- Extremely bright
- Rich saturated, accurate colors
- Great warranty
- Very good, overall design
- Lacks zoom lens
- Aggressively priced at under $600
Ahh, it must be another year, for here we go again, with another review of Epson’s entry level S series. This year we are up to th Powerlite S5 version. Previous models included the S1, S1+, S3, and S4. In each case Epson has produced a solid performing portable, SVGA projector.
The Epson S5 is no exception. Although it looks the same as the Epson S4, it is about a pound lighter than the last generation. Most notably, it is significantly brighter.
Once more, Epson has produced an affordable projector that actually, dramatically exceeds its brightness specifications. This, in a world, where most projectors tested, typically come up short of their claims when tested.
Epson has introduced a new smaller remote control for the Powerlite S5. If you like compact, you may like this remote, but personally, I think this time Epson replaced a very nice remote, with one not quite as user friendly, but more on that later. Picture quality, is excellent, and I will go over that in-depth a little later.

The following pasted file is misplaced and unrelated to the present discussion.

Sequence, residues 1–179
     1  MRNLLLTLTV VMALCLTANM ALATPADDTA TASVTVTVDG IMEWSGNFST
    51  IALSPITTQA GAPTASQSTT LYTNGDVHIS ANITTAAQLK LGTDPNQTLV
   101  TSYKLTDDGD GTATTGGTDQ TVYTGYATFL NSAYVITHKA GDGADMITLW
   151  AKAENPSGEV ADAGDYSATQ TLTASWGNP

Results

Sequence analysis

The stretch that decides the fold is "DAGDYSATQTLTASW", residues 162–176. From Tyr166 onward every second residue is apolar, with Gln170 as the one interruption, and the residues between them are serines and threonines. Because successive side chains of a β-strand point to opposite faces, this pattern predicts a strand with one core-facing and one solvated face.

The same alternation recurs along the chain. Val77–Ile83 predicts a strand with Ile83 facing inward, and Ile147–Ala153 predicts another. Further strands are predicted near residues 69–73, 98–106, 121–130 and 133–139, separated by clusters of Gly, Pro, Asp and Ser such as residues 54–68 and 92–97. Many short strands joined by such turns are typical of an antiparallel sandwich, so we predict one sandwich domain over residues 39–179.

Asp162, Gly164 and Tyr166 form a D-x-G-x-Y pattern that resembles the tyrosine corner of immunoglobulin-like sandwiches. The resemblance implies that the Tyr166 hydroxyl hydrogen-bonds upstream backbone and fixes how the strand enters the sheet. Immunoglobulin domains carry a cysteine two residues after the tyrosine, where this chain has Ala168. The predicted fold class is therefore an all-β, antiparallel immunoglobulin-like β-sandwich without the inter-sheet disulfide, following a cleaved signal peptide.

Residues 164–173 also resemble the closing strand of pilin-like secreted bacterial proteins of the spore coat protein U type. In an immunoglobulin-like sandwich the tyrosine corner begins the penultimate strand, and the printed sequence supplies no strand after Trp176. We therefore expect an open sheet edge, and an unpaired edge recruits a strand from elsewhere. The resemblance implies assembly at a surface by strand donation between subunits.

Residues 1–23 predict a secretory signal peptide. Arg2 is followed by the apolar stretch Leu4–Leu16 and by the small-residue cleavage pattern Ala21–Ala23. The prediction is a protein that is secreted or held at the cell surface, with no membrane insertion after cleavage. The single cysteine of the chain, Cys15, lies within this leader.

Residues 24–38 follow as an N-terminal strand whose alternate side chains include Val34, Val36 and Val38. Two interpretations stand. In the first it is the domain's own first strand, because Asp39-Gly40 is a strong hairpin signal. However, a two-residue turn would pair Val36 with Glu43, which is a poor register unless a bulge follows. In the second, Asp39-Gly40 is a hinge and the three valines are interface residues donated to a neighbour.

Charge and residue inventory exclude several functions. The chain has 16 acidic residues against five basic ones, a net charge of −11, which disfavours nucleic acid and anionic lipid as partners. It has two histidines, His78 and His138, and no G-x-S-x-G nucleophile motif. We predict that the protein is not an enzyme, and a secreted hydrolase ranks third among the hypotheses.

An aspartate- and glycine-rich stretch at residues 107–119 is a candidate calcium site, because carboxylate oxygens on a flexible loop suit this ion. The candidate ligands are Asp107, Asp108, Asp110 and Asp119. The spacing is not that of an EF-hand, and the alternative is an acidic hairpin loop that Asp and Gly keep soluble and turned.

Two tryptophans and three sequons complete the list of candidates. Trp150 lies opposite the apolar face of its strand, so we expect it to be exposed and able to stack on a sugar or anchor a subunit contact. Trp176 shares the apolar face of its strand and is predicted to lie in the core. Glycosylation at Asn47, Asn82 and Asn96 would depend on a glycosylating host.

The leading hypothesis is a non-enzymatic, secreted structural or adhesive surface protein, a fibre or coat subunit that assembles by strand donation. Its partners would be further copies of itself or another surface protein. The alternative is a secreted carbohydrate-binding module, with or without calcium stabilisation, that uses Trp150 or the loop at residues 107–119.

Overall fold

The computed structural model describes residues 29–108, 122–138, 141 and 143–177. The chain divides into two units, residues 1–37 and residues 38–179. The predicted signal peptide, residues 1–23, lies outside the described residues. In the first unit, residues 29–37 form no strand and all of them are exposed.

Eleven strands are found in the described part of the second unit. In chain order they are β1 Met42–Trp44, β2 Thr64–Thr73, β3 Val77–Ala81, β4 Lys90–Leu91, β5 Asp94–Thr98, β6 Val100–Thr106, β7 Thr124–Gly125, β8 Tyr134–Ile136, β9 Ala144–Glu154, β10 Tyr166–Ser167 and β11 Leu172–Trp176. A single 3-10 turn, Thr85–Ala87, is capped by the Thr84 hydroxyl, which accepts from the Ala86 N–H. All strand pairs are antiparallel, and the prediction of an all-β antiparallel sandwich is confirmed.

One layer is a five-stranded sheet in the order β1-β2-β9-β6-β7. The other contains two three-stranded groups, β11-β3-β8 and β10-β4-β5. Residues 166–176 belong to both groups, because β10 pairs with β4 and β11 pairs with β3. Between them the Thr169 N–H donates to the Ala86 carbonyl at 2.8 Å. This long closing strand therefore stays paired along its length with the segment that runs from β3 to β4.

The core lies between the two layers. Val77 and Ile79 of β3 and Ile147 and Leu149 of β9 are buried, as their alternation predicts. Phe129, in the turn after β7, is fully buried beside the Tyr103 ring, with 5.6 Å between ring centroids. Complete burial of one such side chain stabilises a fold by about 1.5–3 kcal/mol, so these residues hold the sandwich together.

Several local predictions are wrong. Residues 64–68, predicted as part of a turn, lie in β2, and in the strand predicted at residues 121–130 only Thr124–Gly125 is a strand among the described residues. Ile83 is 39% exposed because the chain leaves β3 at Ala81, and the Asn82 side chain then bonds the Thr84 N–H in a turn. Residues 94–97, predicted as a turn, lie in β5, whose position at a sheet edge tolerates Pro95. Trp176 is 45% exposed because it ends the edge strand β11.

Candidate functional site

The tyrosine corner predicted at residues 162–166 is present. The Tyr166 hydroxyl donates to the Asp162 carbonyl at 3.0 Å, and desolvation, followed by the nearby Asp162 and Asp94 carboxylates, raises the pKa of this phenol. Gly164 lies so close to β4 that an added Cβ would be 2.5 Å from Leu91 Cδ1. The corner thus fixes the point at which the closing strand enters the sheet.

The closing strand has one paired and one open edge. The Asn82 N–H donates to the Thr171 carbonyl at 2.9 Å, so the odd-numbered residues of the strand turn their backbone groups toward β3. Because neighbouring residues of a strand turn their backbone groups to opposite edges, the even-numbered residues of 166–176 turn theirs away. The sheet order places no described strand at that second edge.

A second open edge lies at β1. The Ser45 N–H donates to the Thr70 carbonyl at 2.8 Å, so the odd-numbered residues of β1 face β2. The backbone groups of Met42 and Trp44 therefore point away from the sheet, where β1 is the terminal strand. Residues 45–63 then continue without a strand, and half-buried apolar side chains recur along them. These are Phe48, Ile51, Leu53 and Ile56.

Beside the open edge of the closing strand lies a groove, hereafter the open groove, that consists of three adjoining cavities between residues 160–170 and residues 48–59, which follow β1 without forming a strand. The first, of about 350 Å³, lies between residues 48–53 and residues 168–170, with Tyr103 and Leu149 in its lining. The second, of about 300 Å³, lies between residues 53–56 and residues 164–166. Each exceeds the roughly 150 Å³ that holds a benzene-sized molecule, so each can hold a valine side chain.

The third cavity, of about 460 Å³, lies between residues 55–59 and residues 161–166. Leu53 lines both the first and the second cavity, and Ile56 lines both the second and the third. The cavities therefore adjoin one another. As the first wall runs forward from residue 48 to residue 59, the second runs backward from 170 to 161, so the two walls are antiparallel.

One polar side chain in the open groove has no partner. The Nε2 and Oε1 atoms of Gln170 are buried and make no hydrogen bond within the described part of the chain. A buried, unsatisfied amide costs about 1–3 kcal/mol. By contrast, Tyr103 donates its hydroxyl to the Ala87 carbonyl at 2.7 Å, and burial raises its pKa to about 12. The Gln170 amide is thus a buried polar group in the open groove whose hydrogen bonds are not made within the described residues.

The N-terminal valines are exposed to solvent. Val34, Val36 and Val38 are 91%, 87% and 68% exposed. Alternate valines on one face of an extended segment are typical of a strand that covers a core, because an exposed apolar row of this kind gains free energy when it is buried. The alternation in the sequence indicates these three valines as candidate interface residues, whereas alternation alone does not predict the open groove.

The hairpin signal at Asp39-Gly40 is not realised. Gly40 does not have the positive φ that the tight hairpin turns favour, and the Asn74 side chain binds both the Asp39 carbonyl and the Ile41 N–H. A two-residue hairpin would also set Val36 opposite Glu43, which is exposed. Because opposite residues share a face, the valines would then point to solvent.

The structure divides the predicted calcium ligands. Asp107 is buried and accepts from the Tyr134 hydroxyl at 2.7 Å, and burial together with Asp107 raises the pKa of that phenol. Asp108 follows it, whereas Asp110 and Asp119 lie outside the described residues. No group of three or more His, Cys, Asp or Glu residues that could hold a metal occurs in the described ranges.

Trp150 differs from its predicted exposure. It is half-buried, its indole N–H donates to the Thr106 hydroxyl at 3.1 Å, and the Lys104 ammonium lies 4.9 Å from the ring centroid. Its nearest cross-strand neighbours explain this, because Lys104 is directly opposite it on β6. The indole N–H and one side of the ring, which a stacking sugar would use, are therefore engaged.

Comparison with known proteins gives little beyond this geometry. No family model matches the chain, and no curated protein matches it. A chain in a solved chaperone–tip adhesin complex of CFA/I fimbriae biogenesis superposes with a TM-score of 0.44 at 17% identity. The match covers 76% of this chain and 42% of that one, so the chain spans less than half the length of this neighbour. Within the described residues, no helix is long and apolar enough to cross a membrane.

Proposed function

With almost all computers except many in schools (K-12), having XGA resolution or higher, the Epson S5’s SVGA resolution is going to be a little lower than your source. The Epson S5 will compress data to handle it, but, of course, smaller type and objects will suffer from the compression. This will be discussed more in the Image Quality section. The point I want to make, though, is that, the S5 is entry level. As such most potential buyers out there should be looking to spend a bit more on a higher resolution projector, with XGA resolution, or perhaps a widescreen projector if you are using widescreen laptops, etc.
On the other hand, for those on a really limited budget, the Epson will do about as good a job as any SVGA projector around when working with the typical higher resolution sources. Still, the bulk of the S5’s sold will go into schools, and small businesses on really tight budgets. Consider that it’s been at least 5 years since anyone has bothered to build a mainstream SVGA computer.